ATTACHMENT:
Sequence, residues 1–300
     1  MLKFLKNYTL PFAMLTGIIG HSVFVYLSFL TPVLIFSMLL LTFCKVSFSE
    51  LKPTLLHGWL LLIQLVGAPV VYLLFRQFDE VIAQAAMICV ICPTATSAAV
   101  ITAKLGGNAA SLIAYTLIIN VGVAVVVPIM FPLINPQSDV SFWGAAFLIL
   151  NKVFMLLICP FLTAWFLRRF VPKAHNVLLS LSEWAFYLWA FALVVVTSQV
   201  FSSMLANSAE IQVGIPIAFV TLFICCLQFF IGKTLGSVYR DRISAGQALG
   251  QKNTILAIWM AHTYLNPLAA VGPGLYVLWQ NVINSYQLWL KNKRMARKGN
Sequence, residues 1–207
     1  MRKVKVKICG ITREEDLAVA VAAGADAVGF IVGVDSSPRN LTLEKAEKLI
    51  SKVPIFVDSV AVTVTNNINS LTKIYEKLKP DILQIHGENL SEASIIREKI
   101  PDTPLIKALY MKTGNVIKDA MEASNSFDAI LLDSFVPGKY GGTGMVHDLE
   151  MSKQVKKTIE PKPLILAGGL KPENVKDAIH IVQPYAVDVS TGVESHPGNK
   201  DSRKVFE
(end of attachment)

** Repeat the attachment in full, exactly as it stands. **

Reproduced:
Sequence, residues 1–300
     1  MLKFLKNYTL PFAMLTGIIG HSVFVYLSFL TPVLIFSMLL LTFCKVSFSE
    51  LKPTLLHGWL LLIQLVGAPV VYLLFRQFDE VIAQAAMICV ICPTATSAAV
   101  ITAKLGGNAA SLIAYTLIIN VGVAVVVPIM FPLINPQSDV SFWGAAFLIL
   151  NKVFMLLICP FLTAWFLRRF VPKAHNVLLS LSEWAFYLWA FALVVVTSQV
   201  FSSMLANSAE IQVGIPIAFV TLFICCLQFF IGKTLGSVYR DRISAGQALG
   251  QKNTILAIWM AHTYLNPLAA VGPGLYVLWQ NVINSYQLWL KNKRMARKGN
Sequence, residues 1–207
     1  MRKVKVKICG ITREEDLAVA VAAGADAVGF IVGVDSSPRN LTLEKAEKLI
    51  SKVPIFVDSV AVTVTNNINS LTKIYEKLKP DILQIHGENL SEASIIREKI
   101  PDTPLIKALY MKTGNVIKDA MEASNSFDAI LLDSFVPGKY GGTGMVHDLE
   151  MSKQVKKTIE PKPLILAGGL KPENVKDAIH IVQPYAVDVS TGVESHPGNK
   201  DSRKVFE